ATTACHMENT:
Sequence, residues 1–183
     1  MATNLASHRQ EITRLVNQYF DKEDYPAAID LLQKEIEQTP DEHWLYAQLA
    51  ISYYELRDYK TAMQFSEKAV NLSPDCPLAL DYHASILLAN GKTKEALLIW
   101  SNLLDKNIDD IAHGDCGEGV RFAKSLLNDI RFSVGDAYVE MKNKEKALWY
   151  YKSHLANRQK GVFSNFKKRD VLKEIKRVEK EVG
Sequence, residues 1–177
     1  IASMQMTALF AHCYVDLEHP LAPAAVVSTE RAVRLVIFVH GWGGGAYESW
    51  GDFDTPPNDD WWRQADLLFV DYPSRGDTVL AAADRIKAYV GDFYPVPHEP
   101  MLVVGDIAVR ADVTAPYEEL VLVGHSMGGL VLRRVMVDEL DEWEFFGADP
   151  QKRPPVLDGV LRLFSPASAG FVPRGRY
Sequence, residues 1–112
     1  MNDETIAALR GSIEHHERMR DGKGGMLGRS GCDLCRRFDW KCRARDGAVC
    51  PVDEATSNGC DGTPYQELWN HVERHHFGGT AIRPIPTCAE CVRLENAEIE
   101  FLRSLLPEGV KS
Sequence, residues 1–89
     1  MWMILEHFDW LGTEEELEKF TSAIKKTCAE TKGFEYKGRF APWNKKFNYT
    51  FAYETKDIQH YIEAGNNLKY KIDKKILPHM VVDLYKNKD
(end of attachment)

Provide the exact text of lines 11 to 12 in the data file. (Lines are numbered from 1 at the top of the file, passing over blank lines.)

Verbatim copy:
Sequence, residues 1–112
     1  MNDETIAALR GSIEHHERMR DGKGGMLGRS GCDLCRRFDW KCRARDGAVC